I would like to prove this result without any appeals to theorems like, say the three-lines theorem, but only through the use of the fundamental solution, $\log |z - w|$ in the plane.

The proof I have seen goes as follows:

Consider $u : \mathbb{C} \to \mathbb{R}$ a subharmonic, and bounded function. Consider a logarithmic perturbation of $u$, given by: $$ v_\epsilon(z) = u(z) - \epsilon \log |z| $$ Observe that when $|z| > 1$, we have that $\log |z| > 0$, so that $v_\epsilon(z) < u(z)$ here. Moreover (here is the portion of the proof I take issue with): $$ \sup_{|z| > 1} v_\epsilon = \max_{S(0,1)}v_\epsilon = \max_{S(0,1)} u = \max_{\overline{D}(0,1)}u $$ Thus, for any $z$ such that $|z| > 1$, we have that: $$ u(z) = v_\epsilon(z) + \epsilon \log |z| \leq \max_{\overline{D(0,1)}} u + \epsilon \log|z| $$ As the LHS is independent of $\epsilon$, we may send $\epsilon$ to $0$, and conclude that $u(z) \leq \max_{\overline{D(0,1)}}u$, and taking suprema, get that $\sup_{\mathbb{C}}u = \max_{\overline{D(0,1)}}u$. Thus, $u$ attains an interior maximum, and hence is constant.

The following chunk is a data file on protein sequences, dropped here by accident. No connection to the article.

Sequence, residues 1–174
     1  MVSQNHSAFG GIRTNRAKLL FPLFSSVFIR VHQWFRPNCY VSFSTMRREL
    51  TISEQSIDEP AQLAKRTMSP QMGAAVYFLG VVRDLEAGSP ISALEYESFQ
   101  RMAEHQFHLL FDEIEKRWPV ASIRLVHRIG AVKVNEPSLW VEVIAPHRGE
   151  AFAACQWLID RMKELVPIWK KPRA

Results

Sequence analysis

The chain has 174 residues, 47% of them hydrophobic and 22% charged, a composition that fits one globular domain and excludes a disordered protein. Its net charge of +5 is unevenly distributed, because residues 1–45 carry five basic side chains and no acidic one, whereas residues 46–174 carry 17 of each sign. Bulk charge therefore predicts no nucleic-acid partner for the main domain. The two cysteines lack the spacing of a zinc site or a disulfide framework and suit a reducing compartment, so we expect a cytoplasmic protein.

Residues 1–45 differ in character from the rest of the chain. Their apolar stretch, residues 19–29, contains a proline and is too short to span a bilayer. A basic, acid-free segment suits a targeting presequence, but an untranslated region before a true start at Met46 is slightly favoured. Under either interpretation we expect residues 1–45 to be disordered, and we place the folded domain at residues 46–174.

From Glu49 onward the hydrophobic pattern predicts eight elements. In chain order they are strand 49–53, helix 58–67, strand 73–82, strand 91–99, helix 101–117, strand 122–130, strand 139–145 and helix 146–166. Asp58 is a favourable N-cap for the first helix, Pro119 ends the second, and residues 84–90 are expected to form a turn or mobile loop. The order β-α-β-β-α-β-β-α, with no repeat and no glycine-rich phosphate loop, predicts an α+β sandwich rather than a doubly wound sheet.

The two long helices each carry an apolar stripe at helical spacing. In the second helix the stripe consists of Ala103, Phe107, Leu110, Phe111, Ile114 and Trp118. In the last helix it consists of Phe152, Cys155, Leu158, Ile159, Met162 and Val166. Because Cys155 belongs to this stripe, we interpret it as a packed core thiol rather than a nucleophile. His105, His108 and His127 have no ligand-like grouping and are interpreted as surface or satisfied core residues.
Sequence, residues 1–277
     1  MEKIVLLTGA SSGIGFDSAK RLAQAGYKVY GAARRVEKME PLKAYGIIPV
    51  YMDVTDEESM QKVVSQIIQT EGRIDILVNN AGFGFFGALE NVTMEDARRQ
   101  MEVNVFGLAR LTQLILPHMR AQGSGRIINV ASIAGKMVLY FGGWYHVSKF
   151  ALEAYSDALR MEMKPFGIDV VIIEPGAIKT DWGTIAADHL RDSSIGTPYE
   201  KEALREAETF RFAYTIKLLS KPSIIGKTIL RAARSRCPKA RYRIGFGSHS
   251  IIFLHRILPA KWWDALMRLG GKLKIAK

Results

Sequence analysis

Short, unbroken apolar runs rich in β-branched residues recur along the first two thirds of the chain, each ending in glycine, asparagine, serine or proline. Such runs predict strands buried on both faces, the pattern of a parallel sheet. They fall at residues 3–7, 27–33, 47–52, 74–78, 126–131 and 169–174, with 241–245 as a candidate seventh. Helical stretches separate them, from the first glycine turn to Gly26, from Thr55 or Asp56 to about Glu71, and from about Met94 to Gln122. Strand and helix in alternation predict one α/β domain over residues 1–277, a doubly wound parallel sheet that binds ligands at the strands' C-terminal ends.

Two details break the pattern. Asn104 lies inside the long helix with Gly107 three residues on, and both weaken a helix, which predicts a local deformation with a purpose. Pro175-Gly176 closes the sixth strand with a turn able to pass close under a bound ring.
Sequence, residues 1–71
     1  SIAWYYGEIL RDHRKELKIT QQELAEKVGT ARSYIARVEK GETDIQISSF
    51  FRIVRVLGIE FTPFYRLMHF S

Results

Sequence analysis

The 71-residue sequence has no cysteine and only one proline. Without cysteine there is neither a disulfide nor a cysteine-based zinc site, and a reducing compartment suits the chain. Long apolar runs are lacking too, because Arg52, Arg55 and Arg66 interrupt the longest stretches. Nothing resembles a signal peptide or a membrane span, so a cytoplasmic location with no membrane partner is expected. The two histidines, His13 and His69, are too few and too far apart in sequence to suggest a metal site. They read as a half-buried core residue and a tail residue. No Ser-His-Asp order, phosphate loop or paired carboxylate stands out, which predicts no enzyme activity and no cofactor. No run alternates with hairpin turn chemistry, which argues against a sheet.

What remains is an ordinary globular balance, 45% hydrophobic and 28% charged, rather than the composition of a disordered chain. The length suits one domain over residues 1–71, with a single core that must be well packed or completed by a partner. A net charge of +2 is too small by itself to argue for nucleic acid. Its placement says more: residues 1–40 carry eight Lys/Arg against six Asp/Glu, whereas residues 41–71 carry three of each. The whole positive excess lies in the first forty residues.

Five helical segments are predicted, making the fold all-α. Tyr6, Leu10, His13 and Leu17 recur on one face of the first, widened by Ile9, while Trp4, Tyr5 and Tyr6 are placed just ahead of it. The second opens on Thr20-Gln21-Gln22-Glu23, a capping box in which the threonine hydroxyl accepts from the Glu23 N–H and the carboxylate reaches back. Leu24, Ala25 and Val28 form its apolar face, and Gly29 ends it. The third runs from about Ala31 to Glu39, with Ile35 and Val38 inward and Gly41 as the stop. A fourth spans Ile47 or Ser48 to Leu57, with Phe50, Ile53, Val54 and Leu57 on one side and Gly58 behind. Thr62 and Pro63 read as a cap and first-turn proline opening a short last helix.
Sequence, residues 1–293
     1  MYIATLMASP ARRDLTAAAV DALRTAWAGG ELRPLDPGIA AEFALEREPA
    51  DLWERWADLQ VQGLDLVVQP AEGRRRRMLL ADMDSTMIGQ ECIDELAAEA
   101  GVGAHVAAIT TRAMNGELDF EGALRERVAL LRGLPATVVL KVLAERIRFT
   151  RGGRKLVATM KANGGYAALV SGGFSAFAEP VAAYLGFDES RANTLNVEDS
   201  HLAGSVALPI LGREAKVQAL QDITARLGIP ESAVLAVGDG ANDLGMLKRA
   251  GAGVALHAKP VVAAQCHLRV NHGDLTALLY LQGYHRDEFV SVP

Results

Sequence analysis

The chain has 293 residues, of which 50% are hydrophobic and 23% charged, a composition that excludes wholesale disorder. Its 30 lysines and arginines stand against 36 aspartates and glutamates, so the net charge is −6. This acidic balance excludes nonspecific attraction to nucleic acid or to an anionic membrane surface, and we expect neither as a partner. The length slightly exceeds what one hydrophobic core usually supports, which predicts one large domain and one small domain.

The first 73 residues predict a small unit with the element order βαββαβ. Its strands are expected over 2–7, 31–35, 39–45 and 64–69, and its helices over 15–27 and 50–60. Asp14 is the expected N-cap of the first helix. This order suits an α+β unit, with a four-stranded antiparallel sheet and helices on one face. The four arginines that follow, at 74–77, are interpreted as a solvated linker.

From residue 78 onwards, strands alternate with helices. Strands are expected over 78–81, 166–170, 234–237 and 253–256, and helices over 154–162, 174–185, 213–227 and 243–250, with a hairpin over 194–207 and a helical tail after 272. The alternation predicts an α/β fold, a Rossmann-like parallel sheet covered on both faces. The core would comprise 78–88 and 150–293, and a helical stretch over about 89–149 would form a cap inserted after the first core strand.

Question: Why are we allowed to apply the maximum principle with $v_\epsilon$ ? I though that the maximum principle only applied on bounded domains?

  • $\begingroup$ The maximum principle holds on any domain (meaning open, connected subset of the plane). See, for example, the statement here $\endgroup$ – Brevan Ellefsen Jun 11 '19 at 0:53
  • 1
    $\begingroup$ You can essentially think of this as partitioning your region into a collection of bounded domains and running the result on each $\endgroup$ – Brevan Ellefsen Jun 11 '19 at 1:03

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